English: Shakespeare in History MA
The Shakespeare in History MA offers the exciting opportunity to study Shakespeare in the centre of London, the city where he spent his working life as a writer. UCL has one of the top English departments in the UK, and counts several published Shakespeare scholars among its staff.
Mode of study
- Full-time 1 year
- Part-time 2 years
- UK/EU Full-time: £8,500
- UK/EU Part-time: £4,250
- Overseas Full-time: £16,750
- Overseas Part-time: £8,500
- All applicants: 1 August 2014
- Scholarship applicants: 1 February 2014
More details in Application section.
What will I learn?
The programme lays the groundwork for possible doctoral research in Shakespeare studies, including textual scholarship and the reception of Shakespeare's works in different periods and cultures. Students will acquire basic research skills in Shakespeare and Renaissance studies, including the use of relevant archives, databases and palaeography.
Why should I study this degree at UCL?
This MA is taught by leading research specialists, and the English Department is widely recognised as one of the top departments in its field for both research and teaching.
The structure of the programme, incorporating coursework and a dissertation, enables students to pursue their individual interests, aided by UCL's unrivalled proximity to London's world-class research libraries, theatres, and other cultural facilities.
Senate House Library and the British Library are within walking distance of UCL, and London has excellent transport links to resources across the capital, including internationally renowned establishments such as Shakespeare's Globe Theatre.
Students undertake modules to the value of 180 credits. The programme consists of two core modules 60 credits) two options (30 credits) and a research dissertation (90 credits).
All MA students undertake an independent research project which culminates in a dissertation of between 15–20,000 words.
Teaching and Learning
The programme is delivered through a combination of two-hour seminars, tutorials, and applied and practical tuition including visits to archives and libraries. Assessment is through a coursework portfolio of three 3,000-word essays, a 'Research Methods' unseen written examination, and the dissertation.
Further details available on subject website:
Further information about funding and scholarships can be found on the Scholarships and funding website.
A minimum of an upper second-class Bachelor's degree in a relevant discipline from a UK university or an overseas qualification of an equivalent standard will normally be required.
Select your country for equivalent alternative requirements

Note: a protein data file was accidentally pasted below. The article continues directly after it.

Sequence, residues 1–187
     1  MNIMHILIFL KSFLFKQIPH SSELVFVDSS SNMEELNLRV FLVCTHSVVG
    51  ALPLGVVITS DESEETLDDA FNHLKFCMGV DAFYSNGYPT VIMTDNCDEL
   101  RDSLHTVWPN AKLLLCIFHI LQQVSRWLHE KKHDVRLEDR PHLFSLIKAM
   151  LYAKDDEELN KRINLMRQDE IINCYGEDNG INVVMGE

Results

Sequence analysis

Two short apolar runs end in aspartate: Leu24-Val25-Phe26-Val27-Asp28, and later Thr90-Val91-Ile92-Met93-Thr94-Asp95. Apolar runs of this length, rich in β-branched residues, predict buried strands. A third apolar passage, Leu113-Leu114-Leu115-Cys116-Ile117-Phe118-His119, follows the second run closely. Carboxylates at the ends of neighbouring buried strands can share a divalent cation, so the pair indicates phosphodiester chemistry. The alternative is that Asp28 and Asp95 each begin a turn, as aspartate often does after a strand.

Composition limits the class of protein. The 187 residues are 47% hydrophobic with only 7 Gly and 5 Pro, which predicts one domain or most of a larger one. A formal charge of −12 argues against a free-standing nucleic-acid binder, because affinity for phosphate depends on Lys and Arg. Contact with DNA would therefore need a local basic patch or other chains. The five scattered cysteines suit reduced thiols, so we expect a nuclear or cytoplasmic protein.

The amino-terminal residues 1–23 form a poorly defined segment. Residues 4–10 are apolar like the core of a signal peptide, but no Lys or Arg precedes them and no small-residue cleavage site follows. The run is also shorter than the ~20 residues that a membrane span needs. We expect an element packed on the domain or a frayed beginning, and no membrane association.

English language proficiency level: Good
How to apply
The deadline for applications is 1 August 2014, or 1 February 2014 for the year of entry for candidates who are also seeking funding through the Arts and Humanities Research Council and those seeking UCL funding.
Who can apply?
The programme is particularly suitable for students with a first degree in English who wish to deepen their study of Shakespeare and his historical contexts, and is an ideal preparation for original Shakespeare-related research for a PhD. Candidates with degrees in other relevant disciplines will also be considered.
What are we looking for?
When we assess your application we would like to learn:
- why you want to study English: Shakespeare in History at graduate level
- why you want to study English: Shakespeare in History at UCL
- what particularly attracts you to this programme
- how your academic and/or professional background meets the demands of a challenging academic environment
- where you would like to go professionally with your degree
Graduates of the MA have gone on to various kinds of success, including PhD study at UCL and elsewhere, and work in publishing, journalism, arts administration, theatre and the performing arts, television and the film industry. Candidates who obtain the MA and have found a promising subject requiring further study are welcome to apply to the UCL MPhil/PhD programme.
Top career destinations for this programme
- Queen Mary's School, GTP Teacher, 2011
- Tindal Street Press, Publicity and Marketing Assistant, 2010
- Diffussion PR, Campaign Executive, 2010
- Highbury Grove Secondary School, Secondary English Teacher, 2009
- Casewise Ltd., Sales & PR Associate, 2009
"At the moment I am trying to gather together everything that I have ever known for the 18th century volume of the Oxford English Literary History."
Professor John Mullan
Head of Department
"London offers unparalleled resources for all researchers and UCL is fortunate in being just round the corner from the British Library, British Museum and the Wellcome Trust."
Professor Bas Aarts
Professor of English Linguistics